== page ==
My parents had always taught us generally universal morals. Not to steal, not to commit zina, to always speak the truth and to not be racist. The country town where I was from was a good example of these morals. But as far as being racist, it wasn't always. The town was divided into three cultural groups. Aboriginals, Town folk (Anglo-Saxon, Italian, Greek) and farm folk. I also went to school with one Chinese family. Their father was a doctor in town.
We weren't really affected by the racism though as we lived in an area that was heavily populated with aboriginals. The kids who lived behind us were aboriginals. They use to climb over our fence and play on our tramp. They were nice enough as I could remember. My mother use to be the popular white girl at her schools whom always befriended the aboriginal kids.
I remember when we were trying to sell our house; we use to chase the aboriginal kids back over the fence because no one would buy a house with aboriginal kids jumping over the fence. I didn't know why?
When I got to Melbourne it was a shock. In my Grade 3 class we had nearly every nationality an 8-year-old could imagine. We had Serbian, Polish, South American, Turkish, Vietnamese, Chinese, Hong Kong, Burmese, Cambodian, kids from Laos, oh yeah and some white kids, just to name a few. But no Aboriginals. Maybe they didn't like the cold. Melbourne was always cold and wet. The country wasn't.
I remember learning all these different cultures. It was exciting but scary. I remember being really sad at one stage because I felt I didn't have an exciting culture like the other kids. When it was multicultural week, trying all of the new foods the other children's parents would make would be so exciting. I would always eat heaps of fried rice even if it were cold. I became close to some Cambodian kids even though my best mates were a Chinese/Vietnamese kid and an Anglo-Saxon.
In grade 6 I became school captain with a Burmese girl. When we were presented with our captaincy her mother and father came to school to take photos and watch the presentation. They were really lovely people but they looked totally different to my best mate’s dad who looked like Jackie Chan.
Her Mother wore a scarf. You couldn't see her hair at all. She always had a big smile. The father who was somewhat shy was also very nice and I remember him having a beard.
That girls mother told me when I embraced Islam that she has started making du'a for me at that point in my life. I am forever grateful. Alhumdulillah.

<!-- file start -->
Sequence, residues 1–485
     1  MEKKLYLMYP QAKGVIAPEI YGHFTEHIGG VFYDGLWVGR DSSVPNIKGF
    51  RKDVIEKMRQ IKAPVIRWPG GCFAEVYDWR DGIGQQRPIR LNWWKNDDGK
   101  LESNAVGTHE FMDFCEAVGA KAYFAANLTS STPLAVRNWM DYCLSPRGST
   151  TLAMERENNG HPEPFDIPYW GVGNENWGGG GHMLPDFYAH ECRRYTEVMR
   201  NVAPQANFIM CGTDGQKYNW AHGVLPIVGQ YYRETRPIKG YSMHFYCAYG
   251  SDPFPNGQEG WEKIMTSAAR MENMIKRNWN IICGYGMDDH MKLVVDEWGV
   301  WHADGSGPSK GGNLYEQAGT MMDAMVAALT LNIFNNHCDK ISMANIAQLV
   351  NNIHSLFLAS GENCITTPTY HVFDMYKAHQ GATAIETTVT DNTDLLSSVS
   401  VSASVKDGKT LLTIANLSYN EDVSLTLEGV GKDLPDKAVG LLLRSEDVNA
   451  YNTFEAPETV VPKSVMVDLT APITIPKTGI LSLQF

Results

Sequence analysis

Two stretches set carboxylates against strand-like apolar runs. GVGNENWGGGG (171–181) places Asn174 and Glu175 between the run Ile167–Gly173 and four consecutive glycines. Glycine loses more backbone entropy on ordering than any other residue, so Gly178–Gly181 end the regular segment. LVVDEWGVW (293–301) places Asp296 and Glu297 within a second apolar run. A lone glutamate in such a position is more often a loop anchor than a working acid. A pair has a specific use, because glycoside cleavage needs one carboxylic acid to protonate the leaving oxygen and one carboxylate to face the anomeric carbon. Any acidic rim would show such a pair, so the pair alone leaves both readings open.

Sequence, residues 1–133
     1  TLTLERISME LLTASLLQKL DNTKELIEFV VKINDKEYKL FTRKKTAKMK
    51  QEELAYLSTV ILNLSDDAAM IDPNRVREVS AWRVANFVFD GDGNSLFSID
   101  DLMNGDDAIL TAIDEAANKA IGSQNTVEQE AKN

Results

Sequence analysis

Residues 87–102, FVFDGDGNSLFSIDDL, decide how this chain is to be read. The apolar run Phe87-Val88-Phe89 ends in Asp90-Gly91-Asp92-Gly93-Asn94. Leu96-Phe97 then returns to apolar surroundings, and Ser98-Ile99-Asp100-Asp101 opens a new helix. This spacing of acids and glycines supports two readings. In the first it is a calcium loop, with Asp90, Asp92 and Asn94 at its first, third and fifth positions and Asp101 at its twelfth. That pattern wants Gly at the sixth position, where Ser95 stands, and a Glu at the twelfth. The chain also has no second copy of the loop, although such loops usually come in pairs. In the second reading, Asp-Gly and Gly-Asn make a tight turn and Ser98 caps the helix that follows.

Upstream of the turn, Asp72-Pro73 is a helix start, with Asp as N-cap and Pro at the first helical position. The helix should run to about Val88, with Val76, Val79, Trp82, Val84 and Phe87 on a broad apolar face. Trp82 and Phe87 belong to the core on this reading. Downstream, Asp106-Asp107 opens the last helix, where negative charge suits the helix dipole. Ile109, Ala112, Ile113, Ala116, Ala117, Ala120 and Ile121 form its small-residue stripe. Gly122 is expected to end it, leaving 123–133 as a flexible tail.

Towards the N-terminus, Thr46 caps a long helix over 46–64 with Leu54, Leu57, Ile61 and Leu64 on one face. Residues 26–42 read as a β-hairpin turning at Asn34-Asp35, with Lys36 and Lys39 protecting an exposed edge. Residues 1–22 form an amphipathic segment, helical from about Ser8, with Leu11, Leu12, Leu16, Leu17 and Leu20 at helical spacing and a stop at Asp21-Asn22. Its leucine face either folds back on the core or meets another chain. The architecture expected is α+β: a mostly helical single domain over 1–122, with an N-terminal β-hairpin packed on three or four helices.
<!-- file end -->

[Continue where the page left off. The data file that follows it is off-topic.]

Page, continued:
In grade 6 I really got into RE (religious education). My teacher was going to teach us once how to make a sling shot like David made to take out Goliath. When she saw our enthusiasm for the first time during the year I think she realised that these sling shots would be use against the high school kids at 3:30 p.m.
When I completed primary school my RE teacher gave me a gift. It was a pocket-sized bible. The cover was red. And she wrote a lovely message in that cover. I spent my summer holidays locking myself in my room, reading it. I felt so honoured to receive such a gift.
1993 was here and we had started year 7 at my local high school. I didn't see the Burmese girl at school. We became good friends being school captains but I didn't notice her at the first day of school.
When school finished we all rushed back to the primary school to tell our old teachers how our first day was and there she was. The Burmese girl was wearing the most pure looking white scarf. I hadn't really totally taken in her mother’s scarf but when I saw hers, I registered the link. I still remember that scarf being so white. Whiter than my brand new school shirt.
I asked a mate what was with the scarf and he said it is part of her religion. She wears it now she is older. I was cool with that answer.
11-Aug-2004 09:49 PM
My Chinese/Vietnamese friend use to get Birthday presents like the rest of us but he wouldn't join in the RE class at first and before he would go to bed he would burn three incense sticks before and do some little nodding to the his statue of Buddha. This 'ibaadah was enough for the whole family. The last person to bed I noticed would do it.
But this was easy for me to understand. The hijab wasn't. It didn't bother me. I just didn't find it cool. For example Jet Li did Buddhist stuff in his Movies, that was cool. The Beastie Boys (muscians) abandoned Judaism and became Buddhist, hence that was cool too. But no one became Muslim, well did they? What happened to that guy Cat Stevens? I always liked his music.